The Telegraph
Since 1st March, 1999
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Everything to win vs nothing to lose

Durban, March 19: The hopes of a small nation have grown big; the hopes of a big nation have grown bigger. That puts in perspective the India against Kenya semifinal at Kingsmead tomorrow.

Both teams, of course, have had an exceptional World Cup. Surprise Super Six qualifiers Kenya are now shock semifinalists. India, on the other hand, took to the tournament low on confidence but have emerged the team to beat champions Australia.

“None of us has ever played a World Cup final.... The semifinal, therefore, is a big occasion for us. We’ll be giving more than hundred per cent,” promised Sourav Ganguly, bristling with confidence.

Yet, he quickly added: “In fact, we’ll have to be at the top of our game.... From this stage, there are no carried-over points, there’s little of the past.... Now, how we play the 100 overs is what alone will count.”

A damper, though, could be the weather. It poured from the afternoon (forcing Kenya to train indoors) and, last evening, Durban almost turned into Free School Street. Rain is forecast for the morrow as well and both Sourav and Steve Tikolo will have one eye on the weather.

Tikolo, who presented a bold front (“I’m not nervous...”), will have his other eye on the fitness of some key players. Incidentally, Friday is the reserve day.

Among the Indians, only Sachin Tendulkar — almost certain to bag the Man of the Tournament award — and Jawagal Srinath have experienced a World Cup semifinal (1996). In the Kenya ranks, the sole veteran is coach Sandeep Patil, a member of India’s 1983 World Cup-winning XI.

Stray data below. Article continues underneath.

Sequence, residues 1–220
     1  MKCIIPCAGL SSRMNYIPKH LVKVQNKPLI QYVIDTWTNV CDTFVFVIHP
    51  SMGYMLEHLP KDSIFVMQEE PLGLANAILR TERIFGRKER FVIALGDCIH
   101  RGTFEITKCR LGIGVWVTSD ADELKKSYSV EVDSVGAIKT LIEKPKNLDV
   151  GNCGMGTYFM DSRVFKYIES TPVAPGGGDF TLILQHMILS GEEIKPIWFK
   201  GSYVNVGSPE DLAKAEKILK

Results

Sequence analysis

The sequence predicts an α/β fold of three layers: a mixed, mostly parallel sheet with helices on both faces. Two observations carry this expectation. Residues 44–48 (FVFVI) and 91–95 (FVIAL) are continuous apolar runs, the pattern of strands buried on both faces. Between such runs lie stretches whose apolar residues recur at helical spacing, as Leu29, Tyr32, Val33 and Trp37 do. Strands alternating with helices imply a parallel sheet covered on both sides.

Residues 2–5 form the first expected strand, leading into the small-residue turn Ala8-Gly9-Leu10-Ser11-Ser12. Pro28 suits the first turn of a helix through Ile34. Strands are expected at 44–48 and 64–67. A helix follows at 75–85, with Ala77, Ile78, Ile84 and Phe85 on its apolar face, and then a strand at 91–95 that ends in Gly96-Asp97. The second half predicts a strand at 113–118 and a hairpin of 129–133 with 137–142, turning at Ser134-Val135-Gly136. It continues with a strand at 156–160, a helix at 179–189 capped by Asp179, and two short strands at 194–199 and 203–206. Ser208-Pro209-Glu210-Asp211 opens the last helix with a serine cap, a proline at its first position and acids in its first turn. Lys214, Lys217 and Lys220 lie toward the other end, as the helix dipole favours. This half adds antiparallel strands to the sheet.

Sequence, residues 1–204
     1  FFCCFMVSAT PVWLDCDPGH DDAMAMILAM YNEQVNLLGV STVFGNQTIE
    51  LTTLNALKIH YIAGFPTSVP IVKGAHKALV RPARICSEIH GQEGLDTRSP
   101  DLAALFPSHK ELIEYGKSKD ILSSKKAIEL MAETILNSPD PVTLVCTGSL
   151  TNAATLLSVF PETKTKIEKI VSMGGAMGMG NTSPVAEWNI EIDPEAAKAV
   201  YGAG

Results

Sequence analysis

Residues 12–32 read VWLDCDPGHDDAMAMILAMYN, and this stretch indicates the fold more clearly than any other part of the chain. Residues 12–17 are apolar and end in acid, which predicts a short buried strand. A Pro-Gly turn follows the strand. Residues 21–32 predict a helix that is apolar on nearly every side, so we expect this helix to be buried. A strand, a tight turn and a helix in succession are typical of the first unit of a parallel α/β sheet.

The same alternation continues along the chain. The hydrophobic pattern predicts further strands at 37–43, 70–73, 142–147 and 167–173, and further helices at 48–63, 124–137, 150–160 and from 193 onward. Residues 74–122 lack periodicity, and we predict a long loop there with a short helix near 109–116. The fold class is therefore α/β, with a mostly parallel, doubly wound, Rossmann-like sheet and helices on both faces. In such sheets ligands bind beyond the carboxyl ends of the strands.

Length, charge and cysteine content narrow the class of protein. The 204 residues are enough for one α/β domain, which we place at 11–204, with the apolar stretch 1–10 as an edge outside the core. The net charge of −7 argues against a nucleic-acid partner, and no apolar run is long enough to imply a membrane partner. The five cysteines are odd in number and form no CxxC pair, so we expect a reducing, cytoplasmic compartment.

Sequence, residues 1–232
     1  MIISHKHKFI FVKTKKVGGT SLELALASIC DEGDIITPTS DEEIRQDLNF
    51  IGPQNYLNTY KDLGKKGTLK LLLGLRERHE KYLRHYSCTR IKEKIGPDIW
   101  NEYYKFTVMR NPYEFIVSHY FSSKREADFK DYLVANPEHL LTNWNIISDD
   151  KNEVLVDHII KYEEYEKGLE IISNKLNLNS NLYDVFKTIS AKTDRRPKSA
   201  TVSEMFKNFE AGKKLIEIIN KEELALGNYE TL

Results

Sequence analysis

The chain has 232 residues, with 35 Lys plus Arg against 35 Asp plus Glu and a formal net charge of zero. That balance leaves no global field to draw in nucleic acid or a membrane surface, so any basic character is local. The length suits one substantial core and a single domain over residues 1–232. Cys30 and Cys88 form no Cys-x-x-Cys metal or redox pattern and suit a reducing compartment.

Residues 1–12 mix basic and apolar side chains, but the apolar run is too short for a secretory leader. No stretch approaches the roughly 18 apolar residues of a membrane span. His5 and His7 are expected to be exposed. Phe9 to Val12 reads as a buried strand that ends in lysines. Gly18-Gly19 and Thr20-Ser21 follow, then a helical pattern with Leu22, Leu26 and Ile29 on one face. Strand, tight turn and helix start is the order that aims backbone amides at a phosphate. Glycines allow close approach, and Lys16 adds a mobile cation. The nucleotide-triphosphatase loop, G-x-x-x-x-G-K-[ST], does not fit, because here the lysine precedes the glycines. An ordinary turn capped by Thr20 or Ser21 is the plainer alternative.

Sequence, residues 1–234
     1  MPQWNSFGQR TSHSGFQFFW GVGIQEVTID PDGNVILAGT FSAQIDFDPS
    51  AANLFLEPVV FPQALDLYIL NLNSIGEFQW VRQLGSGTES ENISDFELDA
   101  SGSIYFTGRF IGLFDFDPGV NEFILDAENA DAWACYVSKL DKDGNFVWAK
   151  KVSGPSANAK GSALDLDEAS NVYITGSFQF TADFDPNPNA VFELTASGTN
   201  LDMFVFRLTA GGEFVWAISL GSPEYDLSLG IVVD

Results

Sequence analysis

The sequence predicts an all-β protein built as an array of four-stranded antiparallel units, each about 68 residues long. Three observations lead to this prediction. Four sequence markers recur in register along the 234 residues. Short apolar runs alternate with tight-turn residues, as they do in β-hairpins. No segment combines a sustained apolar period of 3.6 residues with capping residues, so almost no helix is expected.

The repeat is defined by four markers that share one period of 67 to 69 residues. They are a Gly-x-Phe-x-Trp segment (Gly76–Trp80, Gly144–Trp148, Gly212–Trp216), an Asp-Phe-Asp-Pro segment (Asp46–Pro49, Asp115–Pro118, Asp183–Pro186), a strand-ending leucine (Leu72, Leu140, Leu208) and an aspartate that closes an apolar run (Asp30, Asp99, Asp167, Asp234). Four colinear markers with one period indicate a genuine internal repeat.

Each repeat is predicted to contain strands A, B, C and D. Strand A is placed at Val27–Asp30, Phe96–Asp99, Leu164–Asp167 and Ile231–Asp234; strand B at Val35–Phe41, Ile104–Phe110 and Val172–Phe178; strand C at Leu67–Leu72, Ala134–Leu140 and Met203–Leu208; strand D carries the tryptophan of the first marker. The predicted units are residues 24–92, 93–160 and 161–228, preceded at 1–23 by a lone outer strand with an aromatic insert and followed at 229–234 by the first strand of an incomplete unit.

This afternoon, Patil was cool. “To repeat what I said the other day, I’m in an all-win situation.… I’ll be happy if Kenya win; equally happy if India win.... Being realistic, I know India will come real hard at us,” he said.

With good reasons, the pressure is on India. But, if the team plays to potential, Kenya will be blown away. Indeed, Sourav admitted India’s Cape Town (Super Six) performance was “only at 50 per cent”. Still, India won by six wickets, with Sourav leading from the front (107 not out).

Usually, the established teams are somewhat tentative when up versus a Kenya. First, the reputation factor weighs away. Then, the unknown element comes into play. Thankfully, India have already played (and beaten) Kenya in the last fortnight.

The semifinal won’t be about tactical innovations and such like. Rather, if India bat first, Kenya must watch out for the many cannons waiting to explode. And, if they are to set a target, Kenya will have to guard against the sniper-like accuracy of India’s new ball bowlers.

Team India, by the way, isn’t going to be short on glamorous cheerleaders. Besides some of the hottest stars from Bollywood, corporate bigwigs, too, are descending on this alluring port city. As for Kenya, wives/girlfriends have been allowed to join the history-creating squad.

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